fbpx George Eastman Museum acquires rare collection of Lumière films | George Eastman Museum

Our Open Face eatery is closed due to staff shortages. Please check here for any updates regarding the cafe reopening. We apologize for any inconvenience this causes for our visitors. 

George Eastman Museum acquires rare collection of Lumière films

The newly restored films will make their debut at the Pordenone Silent Film Festival on October 4

Rochester, N.Y., October 2, 2017—The George Eastman Museum has recently acquired and restored a rare collection of eighteen Lumière films. The nitrate reels, all in nearly pristine condition, consist of seven 35mm negatives and eleven 35mm positive prints, dating approximately between 1896 and 1903. The restored films will make their debut at the Pordenone Silent Film Festival in Italy on Wednesday, October 4, at 8:30 p.m.

The Lumière brothers, Auguste and Louis, were French inventors who manufactured an early motion picture camera and projector called the Cinématographe. They are credited with creating the first motion picture for theatrical projection, La Sortie des ouvriers de l’usine Lumière (Workers Leaving the Lumière Factory), which debuted at the Grand Café in Paris on December 28, 1895, marking the official beginning of cinema history. The Lumière brothers’ films recorded everyday life and scenic views in France and worldwide—from trains pulling into stations, notable cities, and landscapes, to people playing cards, soldiers marching, and a mother feeding her baby.

Relatively few original negatives of Lumière films are known to survive outside France. Most of them are preserved at the Archives françaises du film of the Centre national de la cinématographie (CNC) in Bois d’Arcy and by the Institut Lumière in Lyon. Of the eighteen films recently acquired by the Eastman Museum, five have been officially identified. The films include footage from a variety of locations, such as soldiers at camp in Madrid and Paris, scenes from the 1896 Swiss National Exhibition in Geneva, steam fire engines in Ireland, and sailors off the coast of Croatia. They range in length from 15 seconds to nearly three minutes.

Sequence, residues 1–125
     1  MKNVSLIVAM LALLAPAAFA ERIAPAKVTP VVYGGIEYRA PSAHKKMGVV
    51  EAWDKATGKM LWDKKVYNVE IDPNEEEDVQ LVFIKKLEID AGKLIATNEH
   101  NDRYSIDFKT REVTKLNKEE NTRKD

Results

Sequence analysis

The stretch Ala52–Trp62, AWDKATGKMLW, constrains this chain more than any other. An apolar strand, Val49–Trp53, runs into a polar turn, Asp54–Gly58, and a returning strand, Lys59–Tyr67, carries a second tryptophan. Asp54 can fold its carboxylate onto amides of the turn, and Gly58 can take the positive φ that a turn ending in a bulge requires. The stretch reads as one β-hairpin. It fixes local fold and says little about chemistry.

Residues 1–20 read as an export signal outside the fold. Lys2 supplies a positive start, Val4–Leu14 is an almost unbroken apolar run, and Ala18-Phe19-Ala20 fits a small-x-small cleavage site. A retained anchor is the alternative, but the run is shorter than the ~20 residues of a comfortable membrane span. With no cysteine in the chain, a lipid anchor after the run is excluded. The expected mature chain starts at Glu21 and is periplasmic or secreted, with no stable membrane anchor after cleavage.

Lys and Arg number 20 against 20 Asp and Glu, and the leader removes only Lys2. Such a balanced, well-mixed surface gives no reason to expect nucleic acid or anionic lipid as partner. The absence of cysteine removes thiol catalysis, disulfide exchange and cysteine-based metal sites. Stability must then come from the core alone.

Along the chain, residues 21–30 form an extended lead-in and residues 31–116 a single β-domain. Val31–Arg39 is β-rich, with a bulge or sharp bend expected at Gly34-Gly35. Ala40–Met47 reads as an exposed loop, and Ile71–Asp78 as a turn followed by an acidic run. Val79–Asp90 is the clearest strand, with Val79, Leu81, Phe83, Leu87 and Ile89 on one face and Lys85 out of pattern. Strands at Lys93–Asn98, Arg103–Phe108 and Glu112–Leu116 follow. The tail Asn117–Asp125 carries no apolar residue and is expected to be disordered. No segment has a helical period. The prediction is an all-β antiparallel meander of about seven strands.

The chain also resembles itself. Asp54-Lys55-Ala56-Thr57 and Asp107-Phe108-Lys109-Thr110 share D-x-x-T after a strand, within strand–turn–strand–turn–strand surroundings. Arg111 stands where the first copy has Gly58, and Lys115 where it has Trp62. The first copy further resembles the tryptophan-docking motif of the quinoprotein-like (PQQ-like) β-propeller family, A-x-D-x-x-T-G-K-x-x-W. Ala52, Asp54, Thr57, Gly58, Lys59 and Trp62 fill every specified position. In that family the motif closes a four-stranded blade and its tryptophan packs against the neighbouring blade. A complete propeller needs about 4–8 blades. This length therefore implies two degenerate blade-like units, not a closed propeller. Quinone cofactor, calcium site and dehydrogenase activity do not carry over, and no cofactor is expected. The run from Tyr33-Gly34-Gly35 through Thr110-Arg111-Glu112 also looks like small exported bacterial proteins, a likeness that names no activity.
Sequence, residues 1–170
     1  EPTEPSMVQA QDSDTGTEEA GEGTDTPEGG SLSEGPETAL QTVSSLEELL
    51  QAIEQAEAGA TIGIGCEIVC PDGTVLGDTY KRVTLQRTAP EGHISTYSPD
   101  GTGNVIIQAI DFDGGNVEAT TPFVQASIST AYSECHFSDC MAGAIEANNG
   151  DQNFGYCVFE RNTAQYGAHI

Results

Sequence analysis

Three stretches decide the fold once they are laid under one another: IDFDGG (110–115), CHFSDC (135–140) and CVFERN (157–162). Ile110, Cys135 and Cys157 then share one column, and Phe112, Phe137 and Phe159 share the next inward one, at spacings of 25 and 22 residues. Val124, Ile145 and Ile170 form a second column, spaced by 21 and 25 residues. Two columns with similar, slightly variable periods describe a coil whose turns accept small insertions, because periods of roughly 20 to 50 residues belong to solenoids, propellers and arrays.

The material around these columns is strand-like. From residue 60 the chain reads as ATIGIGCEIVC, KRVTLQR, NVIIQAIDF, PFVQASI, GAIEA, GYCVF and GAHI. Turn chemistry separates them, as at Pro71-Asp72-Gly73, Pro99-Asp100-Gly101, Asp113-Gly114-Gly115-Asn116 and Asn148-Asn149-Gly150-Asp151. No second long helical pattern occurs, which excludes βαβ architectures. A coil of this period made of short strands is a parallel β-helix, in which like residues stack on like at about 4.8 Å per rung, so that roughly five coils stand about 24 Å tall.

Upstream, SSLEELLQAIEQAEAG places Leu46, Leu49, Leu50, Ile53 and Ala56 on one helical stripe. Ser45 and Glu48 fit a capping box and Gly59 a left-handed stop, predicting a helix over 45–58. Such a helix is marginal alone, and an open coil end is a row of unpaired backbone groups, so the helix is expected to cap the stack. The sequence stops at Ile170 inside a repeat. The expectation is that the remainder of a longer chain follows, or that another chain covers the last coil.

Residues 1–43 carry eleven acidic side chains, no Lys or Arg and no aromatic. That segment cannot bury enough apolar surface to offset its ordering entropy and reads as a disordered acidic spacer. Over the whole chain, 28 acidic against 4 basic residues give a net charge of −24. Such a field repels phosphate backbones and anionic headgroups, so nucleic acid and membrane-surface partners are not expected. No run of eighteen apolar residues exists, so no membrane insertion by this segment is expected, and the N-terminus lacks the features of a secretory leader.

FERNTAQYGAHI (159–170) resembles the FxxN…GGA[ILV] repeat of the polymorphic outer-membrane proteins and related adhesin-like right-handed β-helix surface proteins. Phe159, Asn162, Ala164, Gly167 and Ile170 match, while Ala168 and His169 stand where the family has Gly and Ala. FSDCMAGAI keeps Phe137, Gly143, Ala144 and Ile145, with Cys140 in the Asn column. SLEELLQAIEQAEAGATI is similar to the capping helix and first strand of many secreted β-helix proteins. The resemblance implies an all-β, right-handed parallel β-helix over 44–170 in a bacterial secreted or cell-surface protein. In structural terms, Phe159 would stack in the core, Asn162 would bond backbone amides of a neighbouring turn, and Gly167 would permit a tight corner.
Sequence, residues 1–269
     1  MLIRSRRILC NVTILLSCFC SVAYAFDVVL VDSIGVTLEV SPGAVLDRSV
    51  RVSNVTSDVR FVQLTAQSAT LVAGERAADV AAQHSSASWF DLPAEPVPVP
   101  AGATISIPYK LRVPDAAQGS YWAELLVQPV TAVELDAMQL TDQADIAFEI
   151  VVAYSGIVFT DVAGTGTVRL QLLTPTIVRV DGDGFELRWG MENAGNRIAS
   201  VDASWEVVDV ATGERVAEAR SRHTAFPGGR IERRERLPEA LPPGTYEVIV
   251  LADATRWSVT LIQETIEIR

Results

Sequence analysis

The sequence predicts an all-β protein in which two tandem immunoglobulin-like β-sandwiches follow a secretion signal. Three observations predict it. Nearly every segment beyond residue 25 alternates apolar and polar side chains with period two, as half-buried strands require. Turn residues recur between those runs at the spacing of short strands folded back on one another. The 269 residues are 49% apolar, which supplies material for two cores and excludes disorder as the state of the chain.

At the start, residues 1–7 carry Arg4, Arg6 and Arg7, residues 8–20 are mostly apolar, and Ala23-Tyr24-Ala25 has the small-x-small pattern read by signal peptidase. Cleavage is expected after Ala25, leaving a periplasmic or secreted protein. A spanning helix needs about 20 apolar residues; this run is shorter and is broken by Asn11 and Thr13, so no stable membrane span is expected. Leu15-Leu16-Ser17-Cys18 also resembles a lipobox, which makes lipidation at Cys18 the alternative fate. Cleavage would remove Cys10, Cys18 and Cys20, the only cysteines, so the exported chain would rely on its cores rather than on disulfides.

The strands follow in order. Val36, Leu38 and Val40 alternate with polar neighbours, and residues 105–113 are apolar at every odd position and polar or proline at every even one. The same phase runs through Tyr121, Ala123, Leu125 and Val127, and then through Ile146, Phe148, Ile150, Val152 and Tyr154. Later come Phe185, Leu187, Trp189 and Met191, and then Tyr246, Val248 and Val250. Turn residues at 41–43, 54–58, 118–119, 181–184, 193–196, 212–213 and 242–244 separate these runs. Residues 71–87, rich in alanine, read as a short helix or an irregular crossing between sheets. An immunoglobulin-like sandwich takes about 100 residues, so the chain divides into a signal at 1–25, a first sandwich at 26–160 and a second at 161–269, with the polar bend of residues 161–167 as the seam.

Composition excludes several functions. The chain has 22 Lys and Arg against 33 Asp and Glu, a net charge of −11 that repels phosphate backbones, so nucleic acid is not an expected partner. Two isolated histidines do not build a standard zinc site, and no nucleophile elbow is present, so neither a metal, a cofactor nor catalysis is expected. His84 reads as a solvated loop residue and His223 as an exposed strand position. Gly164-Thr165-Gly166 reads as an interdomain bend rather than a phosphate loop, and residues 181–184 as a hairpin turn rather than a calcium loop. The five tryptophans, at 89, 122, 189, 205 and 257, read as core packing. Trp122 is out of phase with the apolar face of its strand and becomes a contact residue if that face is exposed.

“Finding a collection of Lumière prints and negatives in almost mint condition, 120 years after their creation, is nothing short of extraordinary,” said Paolo Cherchi Usai, senior curator, Moving Image Department, George Eastman Museum. “Their survival is a testimony to the resilience and longevity of cinematic artworks on nitrate film stock, whose preservation and public exhibition in their original medium and format is at the core of our mission as a collecting institution.”

The films were preserved at the Haghefilm Digitaal Laboratories in Amsterdam, the Netherlands, by Samuel B. Lane as part of the Haghefilm Fellowship program held in collaboration with the L. Jeffrey Selznick School of Film Preservation at the Eastman Museum. (Lane, a 2017 graduate of the Selznick School and recipient of the fellowship, was recently hired by the Eastman Museum as a Film Conservation Specialist.)

The original nitrate film elements are now stored at the museum’s Louis B. Mayer Conservation Center, where they joined an existing collection of seven nitrate prints of Lumière films, most of which are yet unpreserved. The museum’s collection also includes some 35mm projection prints of Lumière films obtained from other members of FIAF (International Federation of Film Archives).

“The acquisition of these films would not have been possible without the professional connections and decisive action of Dr. Cherchi Usai and a generous grant from the Louis B. Mayer Foundation,” said Bruce Barnes, Ron and Donna Fielding Director, George Eastman Museum. “Adding these rare Lumière films to our moving image collection represents an important step forward in further strengthening the museum’s exemplary collection of early cinema.”